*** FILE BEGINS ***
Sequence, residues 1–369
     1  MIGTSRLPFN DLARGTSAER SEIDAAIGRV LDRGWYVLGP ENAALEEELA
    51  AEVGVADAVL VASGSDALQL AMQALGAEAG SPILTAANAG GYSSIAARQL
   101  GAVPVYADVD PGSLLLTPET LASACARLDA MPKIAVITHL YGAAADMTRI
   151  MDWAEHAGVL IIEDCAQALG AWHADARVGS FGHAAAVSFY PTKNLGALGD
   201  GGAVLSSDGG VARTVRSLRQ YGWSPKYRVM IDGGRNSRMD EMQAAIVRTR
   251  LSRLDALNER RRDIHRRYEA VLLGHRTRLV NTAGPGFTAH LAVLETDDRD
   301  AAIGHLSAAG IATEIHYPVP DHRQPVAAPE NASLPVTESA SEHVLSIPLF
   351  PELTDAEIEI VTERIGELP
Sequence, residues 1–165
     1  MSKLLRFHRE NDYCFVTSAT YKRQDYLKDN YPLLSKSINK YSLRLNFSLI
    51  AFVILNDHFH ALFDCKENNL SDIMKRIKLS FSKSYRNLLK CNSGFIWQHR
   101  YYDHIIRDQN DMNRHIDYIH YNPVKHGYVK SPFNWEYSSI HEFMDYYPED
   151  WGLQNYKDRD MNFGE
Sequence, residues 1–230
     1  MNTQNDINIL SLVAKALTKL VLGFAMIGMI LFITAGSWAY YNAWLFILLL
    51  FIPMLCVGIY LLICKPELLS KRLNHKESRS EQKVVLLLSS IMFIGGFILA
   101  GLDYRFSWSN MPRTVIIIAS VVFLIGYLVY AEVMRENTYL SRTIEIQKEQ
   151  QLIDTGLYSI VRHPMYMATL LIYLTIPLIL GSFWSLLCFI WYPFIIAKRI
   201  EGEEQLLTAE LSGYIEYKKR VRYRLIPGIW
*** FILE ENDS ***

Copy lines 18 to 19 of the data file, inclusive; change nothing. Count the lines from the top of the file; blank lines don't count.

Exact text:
   101  GLDYRFSWSN MPRTVIIIAS VVFLIGYLVY AEVMRENTYL SRTIEIQKEQ
   151  QLIDTGLYSI VRHPMYMATL LIYLTIPLIL GSFWSLLCFI WYPFIIAKRI